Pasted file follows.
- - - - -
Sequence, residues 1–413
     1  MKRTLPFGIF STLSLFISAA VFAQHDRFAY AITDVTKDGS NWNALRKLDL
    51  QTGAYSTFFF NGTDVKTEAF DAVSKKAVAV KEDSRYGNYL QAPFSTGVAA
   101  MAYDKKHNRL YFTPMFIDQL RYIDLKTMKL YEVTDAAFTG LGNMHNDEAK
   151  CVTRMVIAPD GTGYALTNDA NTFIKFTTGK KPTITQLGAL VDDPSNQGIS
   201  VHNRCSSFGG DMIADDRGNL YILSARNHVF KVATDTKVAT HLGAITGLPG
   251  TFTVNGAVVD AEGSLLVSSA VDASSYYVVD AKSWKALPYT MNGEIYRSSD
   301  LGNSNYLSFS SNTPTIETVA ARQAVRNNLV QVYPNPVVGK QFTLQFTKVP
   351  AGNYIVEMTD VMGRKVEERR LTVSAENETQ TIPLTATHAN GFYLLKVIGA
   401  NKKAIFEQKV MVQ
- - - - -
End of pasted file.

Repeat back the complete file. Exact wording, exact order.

Sequence, residues 1–413
     1  MKRTLPFGIF STLSLFISAA VFAQHDRFAY AITDVTKDGS NWNALRKLDL
    51  QTGAYSTFFF NGTDVKTEAF DAVSKKAVAV KEDSRYGNYL QAPFSTGVAA
   101  MAYDKKHNRL YFTPMFIDQL RYIDLKTMKL YEVTDAAFTG LGNMHNDEAK
   151  CVTRMVIAPD GTGYALTNDA NTFIKFTTGK KPTITQLGAL VDDPSNQGIS
   201  VHNRCSSFGG DMIADDRGNL YILSARNHVF KVATDTKVAT HLGAITGLPG
   251  TFTVNGAVVD AEGSLLVSSA VDASSYYVVD AKSWKALPYT MNGEIYRSSD
   301  LGNSNYLSFS SNTPTIETVA ARQAVRNNLV QVYPNPVVGK QFTLQFTKVP
   351  AGNYIVEMTD VMGRKVEERR LTVSAENETQ TIPLTATHAN GFYLLKVIGA
   401  NKKAIFEQKV MVQ